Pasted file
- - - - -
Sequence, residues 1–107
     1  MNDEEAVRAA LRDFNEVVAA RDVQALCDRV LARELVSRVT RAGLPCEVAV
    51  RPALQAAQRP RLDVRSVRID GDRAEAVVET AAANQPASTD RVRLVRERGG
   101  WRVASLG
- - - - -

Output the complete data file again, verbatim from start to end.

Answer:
Sequence, residues 1–107
     1  MNDEEAVRAA LRDFNEVVAA RDVQALCDRV LARELVSRVT RAGLPCEVAV
    51  RPALQAAQRP RLDVRSVRID GDRAEAVVET AAANQPASTD RVRLVRERGG
   101  WRVASLG